So, learning some relaxation techniques can be helpful for easing your mind before going to sleep. These can include breathing exercises, yoga, stretching, and meditation. All of these activities are good for your mind and body, and can help take your mind to a place of peace.  

Set your clocks before bed

Most clocks automatically change at 2am (ET) that Sunday morning of the change. For your phones, you don't have to worry about making this adjustment, but for the rest of the clocks in your house, changing them before you go to bed can help you get back on schedule for the following day. You can avoid any confusion, timing mishaps, etc. 

Prioritize daylight exposure 

Make sure to get outside and get as much sun as possible. This is especially as important when the days get shorter. It's hard to stay motivated, energized, and in a good mood when the sun only seems to be about for eight hours a day. And all of those hours you're stuck inside. 

Getting outside and taking advantage of daylight when possible is important for your wellbeing, sleep schedule, and motivation. As soon as you wake up, turn on lights, open window shades, and avoid wearing sun glasses or anything that can block the sunlight from hitting your eyes directly. This light stimulates cortisol and can help you feel awake and ready to take on the day. 

Ease into your new schedule 

As you're preparing to take on your new schedule, make sure to give yourself some grace. This means don't overload your schedule for those first couple of days. Give yourself time to adjust with lighter days, later starts, and earlier finishes. You might even have to take a couple more breaks if you're struggling to concentrate and get through your tasks. 

Change your sleep hygiene 

Your sleep hygiene is the set of behaviors that you do before going to bed. It's vital to getting good sleep, and involves your sleeping environment and habits. If you have bad habits, such as scrolling on your phone late, going to bed at various times throughout the week, and late-night snacking, you may be in need of a serious facelift, in terms of your sleep hygiene.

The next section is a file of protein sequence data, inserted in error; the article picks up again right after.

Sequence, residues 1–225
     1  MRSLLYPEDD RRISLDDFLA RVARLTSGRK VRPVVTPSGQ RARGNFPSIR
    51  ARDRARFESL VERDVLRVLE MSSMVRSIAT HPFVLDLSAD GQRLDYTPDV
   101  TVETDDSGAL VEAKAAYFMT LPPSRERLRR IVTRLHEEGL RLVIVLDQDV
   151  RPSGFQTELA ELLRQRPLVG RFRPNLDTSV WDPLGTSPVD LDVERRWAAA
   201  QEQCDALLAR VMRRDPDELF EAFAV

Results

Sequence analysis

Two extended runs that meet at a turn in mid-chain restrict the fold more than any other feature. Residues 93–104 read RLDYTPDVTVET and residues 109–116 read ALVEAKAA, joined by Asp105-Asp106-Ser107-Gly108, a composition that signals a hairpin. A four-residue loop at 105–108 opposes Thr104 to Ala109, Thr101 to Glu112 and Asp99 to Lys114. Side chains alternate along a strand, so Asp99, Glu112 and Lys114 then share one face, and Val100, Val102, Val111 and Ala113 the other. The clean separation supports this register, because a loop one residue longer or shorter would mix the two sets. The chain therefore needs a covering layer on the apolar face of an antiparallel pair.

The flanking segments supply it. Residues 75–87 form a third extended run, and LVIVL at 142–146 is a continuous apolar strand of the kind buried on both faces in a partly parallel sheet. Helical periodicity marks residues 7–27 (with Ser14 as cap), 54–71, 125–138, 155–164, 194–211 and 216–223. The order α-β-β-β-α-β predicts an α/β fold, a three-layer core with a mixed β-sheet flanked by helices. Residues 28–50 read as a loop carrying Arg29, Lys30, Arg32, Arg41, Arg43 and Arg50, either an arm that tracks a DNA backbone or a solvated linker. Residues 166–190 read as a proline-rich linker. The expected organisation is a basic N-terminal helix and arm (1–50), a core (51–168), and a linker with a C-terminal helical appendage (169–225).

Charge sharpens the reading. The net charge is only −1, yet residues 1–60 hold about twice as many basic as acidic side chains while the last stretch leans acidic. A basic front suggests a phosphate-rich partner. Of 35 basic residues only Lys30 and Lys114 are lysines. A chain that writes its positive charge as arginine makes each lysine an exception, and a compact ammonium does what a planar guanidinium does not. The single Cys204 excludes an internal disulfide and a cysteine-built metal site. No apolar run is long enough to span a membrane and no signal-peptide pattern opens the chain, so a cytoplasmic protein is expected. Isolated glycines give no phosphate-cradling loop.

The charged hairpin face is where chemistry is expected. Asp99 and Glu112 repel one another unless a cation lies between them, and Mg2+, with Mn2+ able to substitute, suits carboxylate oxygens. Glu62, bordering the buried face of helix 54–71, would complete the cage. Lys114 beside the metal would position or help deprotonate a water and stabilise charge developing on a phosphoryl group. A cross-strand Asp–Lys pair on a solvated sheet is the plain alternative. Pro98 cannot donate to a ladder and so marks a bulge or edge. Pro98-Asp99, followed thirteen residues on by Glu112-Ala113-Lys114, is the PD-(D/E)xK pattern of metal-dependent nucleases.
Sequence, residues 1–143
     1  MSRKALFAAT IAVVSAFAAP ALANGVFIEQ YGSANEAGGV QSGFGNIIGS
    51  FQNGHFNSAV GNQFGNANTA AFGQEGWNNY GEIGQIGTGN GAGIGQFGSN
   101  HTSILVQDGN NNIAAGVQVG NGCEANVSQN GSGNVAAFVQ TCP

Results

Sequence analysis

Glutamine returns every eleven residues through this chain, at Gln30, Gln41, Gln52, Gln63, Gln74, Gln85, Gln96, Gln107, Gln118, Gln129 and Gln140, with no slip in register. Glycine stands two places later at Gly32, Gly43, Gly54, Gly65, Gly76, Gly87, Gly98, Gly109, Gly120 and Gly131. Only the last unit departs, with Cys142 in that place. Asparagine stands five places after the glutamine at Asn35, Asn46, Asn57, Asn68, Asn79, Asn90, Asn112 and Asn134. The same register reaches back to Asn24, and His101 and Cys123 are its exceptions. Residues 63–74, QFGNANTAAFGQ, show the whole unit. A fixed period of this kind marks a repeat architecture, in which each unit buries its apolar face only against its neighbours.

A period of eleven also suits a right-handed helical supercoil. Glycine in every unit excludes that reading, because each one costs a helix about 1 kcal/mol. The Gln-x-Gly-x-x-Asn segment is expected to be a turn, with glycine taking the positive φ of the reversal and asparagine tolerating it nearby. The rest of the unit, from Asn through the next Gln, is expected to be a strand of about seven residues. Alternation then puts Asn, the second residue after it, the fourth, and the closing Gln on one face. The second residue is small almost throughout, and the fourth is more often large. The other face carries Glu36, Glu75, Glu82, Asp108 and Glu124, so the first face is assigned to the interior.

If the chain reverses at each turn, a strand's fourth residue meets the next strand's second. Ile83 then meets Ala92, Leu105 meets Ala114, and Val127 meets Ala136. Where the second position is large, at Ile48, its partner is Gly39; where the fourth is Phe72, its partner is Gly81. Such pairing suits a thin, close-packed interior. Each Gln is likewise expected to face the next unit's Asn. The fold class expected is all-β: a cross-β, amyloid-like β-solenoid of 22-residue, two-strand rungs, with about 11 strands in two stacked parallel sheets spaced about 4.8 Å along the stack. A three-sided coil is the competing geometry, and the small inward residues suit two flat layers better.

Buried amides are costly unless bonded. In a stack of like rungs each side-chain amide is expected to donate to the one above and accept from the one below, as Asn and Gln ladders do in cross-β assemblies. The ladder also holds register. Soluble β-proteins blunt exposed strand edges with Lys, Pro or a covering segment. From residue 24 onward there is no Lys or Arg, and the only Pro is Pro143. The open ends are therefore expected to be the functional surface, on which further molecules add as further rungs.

It's important that you sleep in a cold, dark, and quiet room. Once that is established, you can begin to focus on your nighttime activities like winding down from screen time, spending time with family, hygiene, and preparing for the next day. Look at your nighttime activities, and determine which ones could be inhibiting your ability to get a good night's rest. 

Take naps when necessary 

Last, but certainly not least, take a nap when you need to. Naps can help fulfil some of the sleeping requirements that you were unable to meet during the night. Your sleeping recommendations just have to happen during the day, but they can be broken up however you see fit.

Naps are best when they are shorter and earlier in the day. This stops them from interfering with your sleep at night. Naps also serve different purposes depending on their length. They should either be 30 minutes or an hour and a half to avoid disrupting NREM3 and REM sleep, which can leave you with sleep inertia, or feeling groggy and grumpy because of an interrupted sleep schedule. 

These don't have to be permanent additions into your daytime schedule, but may help with that adjustment period.   

If you struggle with sleep both during and after the time change, the issue may be more deep rooted. Please click the orange button below to take a free online sleep test and talk with one of our sleep health professionals.